Options[cacheSysPageFaults]: growright, nopercent
PageTop[cacheSysPageFaults]: <H1>Sys Page Faults @ shadow</H1>
YLegend[cacheSysPageFaults]: page faults/sec
ShortLegend[cacheSysPageFaults]: PF/s
LegendI[cacheSysPageFaults]: Page Faults&nbsp;
LegendO[cacheSysPageFaults]:
Legend1[cacheSysPageFaults]: Page Faults
Legend2[cacheSysPageFaults]:

Target[cacheSysVMsize]: cacheSysVMsize&cacheSysVMsize:public@shadow:3401 * 1024
MaxBytes[cacheSysVMsize]: 1000000000
Title[cacheSysVMsize]: Storage Mem Size @ shadow
Options[cacheSysVMsize]: gauge, growright, nopercent
PageTop[cacheSysVMsize]: <H1>Storage Mem Size @ shadow</H1>
YLegend[cacheSysVMsize]: mem size
ShortLegend[cacheSysVMsize]: Bytes
LegendI[cacheSysVMsize]: Mem Size&nbsp;
LegendO[cacheSysVMsize]:
Legend1[cacheSysVMsize]: Mem Size
Legend2[cacheSysVMsize]:

Target[cacheSysStorage]: cacheSysStorage&cacheSysStorage:public@shadow:3401
MaxBytes[cacheSysStorage]: 1000000000
Title[cacheSysStorage]: Storage Swap Size @ shadow
Options[cacheSysStorage]: gauge, growright, nopercent
PageTop[cacheSysStorage]: <H1>Storage Swap Size @ shadow</H1>
YLegend[cacheSysStorage]: swap size (KB)
ShortLegend[cacheSysStorage]: KBytes
LegendI[cacheSysStorage]: Swap Size&nbsp;
LegendO[cacheSysStorage]:
Legend1[cacheSysStorage]: Swap Size
Legend2[cacheSysStorage]:

Target[cacheSysNumReads]: cacheSysNumReads&cacheSysNumReads:public@shadow:3401
MaxBytes[cacheSysNumReads]: 10000000
Title[cacheSysNumReads]: HTTP I/O number of reads @ shadow
Options[cacheSysNumReads]: growright, nopercent
PageTop[cacheSysNumReads]: <H1>HTTP I/O number of reads @ shadow</H1>
YLegend[cacheSysNumReads]: reads/sec
ShortLegend[cacheSysNumReads]: reads/s
LegendI[cacheSysNumReads]: I/O&nbsp;
LegendO[cacheSysNumReads]:
Legend1[cacheSysNumReads]: I/O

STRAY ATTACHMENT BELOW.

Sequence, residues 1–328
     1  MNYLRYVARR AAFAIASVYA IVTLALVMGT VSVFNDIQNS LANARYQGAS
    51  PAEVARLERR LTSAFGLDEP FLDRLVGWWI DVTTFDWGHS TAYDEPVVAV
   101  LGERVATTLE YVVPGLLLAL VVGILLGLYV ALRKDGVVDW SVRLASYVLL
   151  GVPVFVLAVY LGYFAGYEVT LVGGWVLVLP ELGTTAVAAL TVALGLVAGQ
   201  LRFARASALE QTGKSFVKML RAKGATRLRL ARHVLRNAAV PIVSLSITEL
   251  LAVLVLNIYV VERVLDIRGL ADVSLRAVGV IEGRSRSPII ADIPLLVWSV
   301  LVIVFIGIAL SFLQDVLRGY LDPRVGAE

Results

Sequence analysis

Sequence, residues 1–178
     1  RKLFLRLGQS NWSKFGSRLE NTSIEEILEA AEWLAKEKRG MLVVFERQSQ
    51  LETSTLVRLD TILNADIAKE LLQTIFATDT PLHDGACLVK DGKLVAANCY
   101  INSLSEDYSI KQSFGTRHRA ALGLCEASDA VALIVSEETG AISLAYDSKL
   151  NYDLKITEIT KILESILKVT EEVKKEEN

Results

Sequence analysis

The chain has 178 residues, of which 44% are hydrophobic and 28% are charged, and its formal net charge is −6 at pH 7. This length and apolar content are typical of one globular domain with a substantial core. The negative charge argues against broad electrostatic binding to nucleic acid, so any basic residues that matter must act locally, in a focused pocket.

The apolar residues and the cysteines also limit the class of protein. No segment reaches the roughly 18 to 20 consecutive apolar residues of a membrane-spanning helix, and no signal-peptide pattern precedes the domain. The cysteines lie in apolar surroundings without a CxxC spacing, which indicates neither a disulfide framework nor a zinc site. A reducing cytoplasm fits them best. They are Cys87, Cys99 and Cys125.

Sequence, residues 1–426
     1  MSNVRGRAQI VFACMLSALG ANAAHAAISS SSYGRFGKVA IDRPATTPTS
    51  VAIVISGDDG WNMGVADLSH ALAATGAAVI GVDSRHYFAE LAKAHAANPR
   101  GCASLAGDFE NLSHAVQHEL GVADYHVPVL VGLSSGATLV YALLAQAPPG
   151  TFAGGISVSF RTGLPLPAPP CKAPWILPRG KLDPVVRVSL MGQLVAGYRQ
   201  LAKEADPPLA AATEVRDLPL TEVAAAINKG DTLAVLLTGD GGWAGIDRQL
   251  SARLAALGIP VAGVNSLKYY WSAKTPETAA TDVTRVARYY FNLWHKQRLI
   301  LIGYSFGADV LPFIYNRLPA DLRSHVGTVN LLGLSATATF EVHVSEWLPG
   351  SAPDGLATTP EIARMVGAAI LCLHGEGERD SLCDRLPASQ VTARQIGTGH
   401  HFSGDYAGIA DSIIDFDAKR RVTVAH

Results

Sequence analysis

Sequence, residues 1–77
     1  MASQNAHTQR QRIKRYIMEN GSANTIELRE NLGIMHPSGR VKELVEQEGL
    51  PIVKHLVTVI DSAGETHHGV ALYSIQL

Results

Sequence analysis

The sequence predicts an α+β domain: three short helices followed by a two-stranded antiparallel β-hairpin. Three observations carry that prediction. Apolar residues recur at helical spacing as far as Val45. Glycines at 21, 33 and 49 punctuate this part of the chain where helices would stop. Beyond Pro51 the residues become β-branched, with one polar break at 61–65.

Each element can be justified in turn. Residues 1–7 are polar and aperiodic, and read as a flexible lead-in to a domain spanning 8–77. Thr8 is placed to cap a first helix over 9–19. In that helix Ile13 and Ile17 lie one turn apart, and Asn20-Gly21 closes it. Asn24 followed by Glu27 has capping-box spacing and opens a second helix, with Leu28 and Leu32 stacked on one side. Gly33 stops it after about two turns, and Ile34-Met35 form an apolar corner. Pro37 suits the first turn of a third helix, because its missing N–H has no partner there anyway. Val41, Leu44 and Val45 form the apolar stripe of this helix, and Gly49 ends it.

Legend2[cacheSysNumReads]:

Target[cacheCpuTime]: cacheCpuTime&cacheCpuTime:public@shadow:3401
MaxBytes[cacheCpuTime]: 1000000000
Title[cacheCpuTime]: Cpu Time
Options[cacheCpuTime]: gauge, growright, nopercent
PageTop[cacheCpuTime]: <H1>Amount of cpu seconds consumed @ shadow</H1>
YLegend[cacheCpuTime]: cpu seconds
ShortLegend[cacheCpuTime]: cpu seconds
LegendI[cacheCpuTime]: Mem Time&nbsp;
LegendO[cacheCpuTime]:
Legend1[cacheCpuTime]: Mem Time
Legend2[cacheCpuTime]:

Target[cacheMaxResSize]: cacheMaxResSize&cacheMaxResSize:public@shadow:3401 * 1024
MaxBytes[cacheMaxResSize]: 1000000000
Title[cacheMaxResSize]: Max Resident Size
Options[cacheMaxResSize]: gauge, growright, nopercent
PageTop[cacheMaxResSize]: <H1>Maximum Resident Size @ shadow</H1>
YLegend[cacheMaxResSize]: Bytes
ShortLegend[cacheMaxResSize]: Bytes
LegendI[cacheMaxResSize]: Size&nbsp;
LegendO[cacheMaxResSize]:
Legend1[cacheMaxResSize]: Size
Legend2[cacheMaxResSize]:

Target[cacheCurrentLRUExpiration]: cacheCurrentLRUExpiration&cacheCurrentLRUExpiration:public@shadow:3401
MaxBytes[cacheCurrentLRUExpiration]: 1000000000
Title[cacheCurrentLRUExpiration]: LRU Expiration Age
Options[cacheCurrentLRUExpiration]: gauge, growright, nopercent
PageTop[cacheCurrentLRUExpiration]: <H1>Storage LRU Expiration Age @ shadow</H1>
YLegend[cacheCurrentLRUExpiration]: expir (days)
ShortLegend[cacheCurrentLRUExpiration]: days
LegendI[cacheCurrentLRUExpiration]: Age&nbsp;
LegendO[cacheCurrentLRUExpiration]:
Legend1[cacheCurrentLRUExpiration]: Age
Legend2[cacheCurrentLRUExpiration]:

Target[cacheCurrentUnlinkRequests]: cacheCurrentUnlinkRequests&cacheCurrentUnlinkRequests:public@shadow:3401
MaxBytes[cacheCurrentUnlinkRequests]: 1000000000
Title[cacheCurrentUnlinkRequests]: Unlinkd Requests
Options[cacheCurrentUnlinkRequests]: growright, nopercent
PageTop[cacheCurrentUnlinkRequests]: <H1>Requests given to unlinkd @ shadow</H1>
YLegend[cacheCurrentUnlinkRequests]: requests/sec
ShortLegend[cacheCurrentUnlinkRequests]: reqs/s
LegendI[cacheCurrentUnlinkRequests]: Unlinkd requests&nbsp;
LegendO[cacheCurrentUnlinkRequests]:
Legend1[cacheCurrentUnlinkRequests]: Unlinkd requests
Legend2[cacheCurrentUnlinkRequests]:

Target[cacheCurrentUnusedFileDescrCount]: cacheCurrentUnusedFileDescrCount&cacheCurrentUnusedFileDescrCount:public@shadow:3401
MaxBytes[cacheCurrentUnusedFileDescrCount]: 1000000000
Title[cacheCurrentUnusedFileDescrCount]: Available File Descriptors
Options[cacheCurrentUnusedFileDescrCount]: gauge, growright, nopercent